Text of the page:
pharaday

7+ Year Member
Aug 5, 2010
101
1
Status
Pharmacist
Hi - We have a patient who has been filling multiple CII prescriptions (OxyContin, Dilaudid, Norco..). Office claims the diagnosis is cancer, however the doctor is an internal medicine doctor with no pain management or oncology specialties listed. Patient gets no prescriptions from any oncologists or any other doctors. This doctor also prescriber large numbers of controlled substance prescriptions in general. Would it be appropriate to refuse to fill these anymore based upon them being written by an internal medicine doctor? Something just seems really wrong about it all.
 

CetiAlphaFive

2+ Year Member
Apr 12, 2016
4,128
4,581
Status
Pharmacist
Hi - We have a patient who has been filling multiple CII prescriptions (OxyContin, Dilaudid, Norco..). Office claims the diagnosis is cancer, however the doctor is an internal medicine doctor with no pain management or oncology specialties listed. Patient gets no prescriptions from any oncologists or any other doctors. This doctor also prescriber large numbers of controlled substance prescriptions in general. Would it be appropriate to refuse to fill these anymore based upon them being written by an internal medicine doctor? Something just seems really wrong about it all.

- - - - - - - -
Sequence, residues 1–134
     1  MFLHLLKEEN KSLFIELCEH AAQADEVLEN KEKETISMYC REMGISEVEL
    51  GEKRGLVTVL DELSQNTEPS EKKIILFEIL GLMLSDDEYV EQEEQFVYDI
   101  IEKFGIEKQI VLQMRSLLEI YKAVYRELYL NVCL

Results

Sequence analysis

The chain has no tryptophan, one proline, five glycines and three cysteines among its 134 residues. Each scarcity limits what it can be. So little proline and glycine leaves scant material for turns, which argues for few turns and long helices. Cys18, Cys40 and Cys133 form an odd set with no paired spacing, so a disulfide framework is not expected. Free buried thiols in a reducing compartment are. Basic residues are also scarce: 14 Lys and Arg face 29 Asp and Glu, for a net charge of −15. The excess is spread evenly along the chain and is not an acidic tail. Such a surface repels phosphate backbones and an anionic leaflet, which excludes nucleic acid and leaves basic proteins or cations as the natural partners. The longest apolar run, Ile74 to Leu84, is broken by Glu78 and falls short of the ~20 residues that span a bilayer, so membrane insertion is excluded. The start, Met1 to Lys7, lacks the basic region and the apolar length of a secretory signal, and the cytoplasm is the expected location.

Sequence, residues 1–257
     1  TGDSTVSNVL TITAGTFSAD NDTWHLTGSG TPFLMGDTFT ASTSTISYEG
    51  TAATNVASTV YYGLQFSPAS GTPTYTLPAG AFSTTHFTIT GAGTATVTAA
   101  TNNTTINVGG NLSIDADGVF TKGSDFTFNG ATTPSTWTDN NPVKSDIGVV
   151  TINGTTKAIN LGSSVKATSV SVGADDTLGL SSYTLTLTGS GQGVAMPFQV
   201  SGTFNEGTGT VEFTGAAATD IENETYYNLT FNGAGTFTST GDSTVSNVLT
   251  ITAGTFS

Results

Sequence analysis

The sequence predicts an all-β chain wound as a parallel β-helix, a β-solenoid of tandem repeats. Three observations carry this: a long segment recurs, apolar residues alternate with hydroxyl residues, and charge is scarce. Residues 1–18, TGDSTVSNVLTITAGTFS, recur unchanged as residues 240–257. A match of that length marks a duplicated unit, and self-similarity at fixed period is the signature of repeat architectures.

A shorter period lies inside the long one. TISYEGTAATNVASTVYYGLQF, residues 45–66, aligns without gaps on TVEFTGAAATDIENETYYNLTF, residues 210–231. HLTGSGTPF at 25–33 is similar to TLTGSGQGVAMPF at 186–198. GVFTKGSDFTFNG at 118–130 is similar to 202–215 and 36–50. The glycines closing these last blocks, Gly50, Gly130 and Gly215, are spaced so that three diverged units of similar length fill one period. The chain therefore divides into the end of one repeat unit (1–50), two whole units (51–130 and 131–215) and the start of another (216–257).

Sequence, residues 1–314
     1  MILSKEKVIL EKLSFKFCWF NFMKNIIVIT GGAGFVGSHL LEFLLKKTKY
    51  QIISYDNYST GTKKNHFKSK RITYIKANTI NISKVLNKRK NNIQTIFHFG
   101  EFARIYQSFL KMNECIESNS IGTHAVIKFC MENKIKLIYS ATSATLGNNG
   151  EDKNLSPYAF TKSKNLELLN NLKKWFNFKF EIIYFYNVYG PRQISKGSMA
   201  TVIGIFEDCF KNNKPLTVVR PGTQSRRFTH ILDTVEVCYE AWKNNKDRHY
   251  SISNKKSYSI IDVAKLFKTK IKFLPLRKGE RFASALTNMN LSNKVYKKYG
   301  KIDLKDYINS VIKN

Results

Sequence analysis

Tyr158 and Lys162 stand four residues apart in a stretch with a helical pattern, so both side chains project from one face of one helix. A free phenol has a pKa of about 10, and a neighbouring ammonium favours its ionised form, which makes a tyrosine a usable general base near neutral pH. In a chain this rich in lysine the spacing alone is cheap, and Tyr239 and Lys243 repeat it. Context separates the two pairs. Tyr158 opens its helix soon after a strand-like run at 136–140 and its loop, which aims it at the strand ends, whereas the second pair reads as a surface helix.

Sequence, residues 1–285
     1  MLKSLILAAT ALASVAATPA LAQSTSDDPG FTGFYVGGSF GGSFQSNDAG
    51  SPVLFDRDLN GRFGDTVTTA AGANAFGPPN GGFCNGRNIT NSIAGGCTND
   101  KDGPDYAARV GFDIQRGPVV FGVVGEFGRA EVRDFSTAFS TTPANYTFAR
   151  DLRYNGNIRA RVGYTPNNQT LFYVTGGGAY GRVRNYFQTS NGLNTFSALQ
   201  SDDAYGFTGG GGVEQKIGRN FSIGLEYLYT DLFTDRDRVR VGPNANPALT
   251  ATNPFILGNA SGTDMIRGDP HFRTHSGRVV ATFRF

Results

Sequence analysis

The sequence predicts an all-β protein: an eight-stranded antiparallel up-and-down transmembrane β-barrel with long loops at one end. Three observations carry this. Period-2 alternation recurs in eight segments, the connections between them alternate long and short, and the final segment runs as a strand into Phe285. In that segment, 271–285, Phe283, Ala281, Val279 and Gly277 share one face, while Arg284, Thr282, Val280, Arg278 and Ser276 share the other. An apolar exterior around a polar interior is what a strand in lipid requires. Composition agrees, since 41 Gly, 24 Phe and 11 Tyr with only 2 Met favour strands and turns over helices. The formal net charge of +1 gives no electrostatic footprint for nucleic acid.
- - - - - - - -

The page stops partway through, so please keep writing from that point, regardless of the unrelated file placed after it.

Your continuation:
Some Onco doctors will form an agreement with the patient's PCP to where the PCP issues the pain scripts.

Whether or not this is OK, I have no idea.
 
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BidingMyTime

Lost Shaker Of Salt
10+ Year Member
Oct 2, 2006
3,746
2,841
Illinois
Status
Pharmacist
Being prescribed by an IM doctor is more suspicious, but no, in and of itself that is not a reason to deny filling the prescription. But I think instincts should be followed up on. Most likely the prescription is legitimate, but it's always good to follow up and document.

Things to consider....generally patient should only be on 1 LA and 1 SA narcotic, you indicate they are getting muliple different narcotics. I would ask the physician why (there might be an insurance limitation reason why they are doing it that way or maybe they use only use the stronger SA during bad flares and the weaker SA during more moderate pain.) Can the physician articulate a reason why the patient is getting that particular narcotic regimen?

Next, ask for the ICD9's/10's....not just for the pain treatment, but also for the cancer. Can the physician readily produce those? If the physician doesn't know the ICD9/10 for the cancer, then ask the physician (or the patient) who their cancer doctor is.

If you still have doubts, than contact the patient cancer doctor, and talk to them.
 
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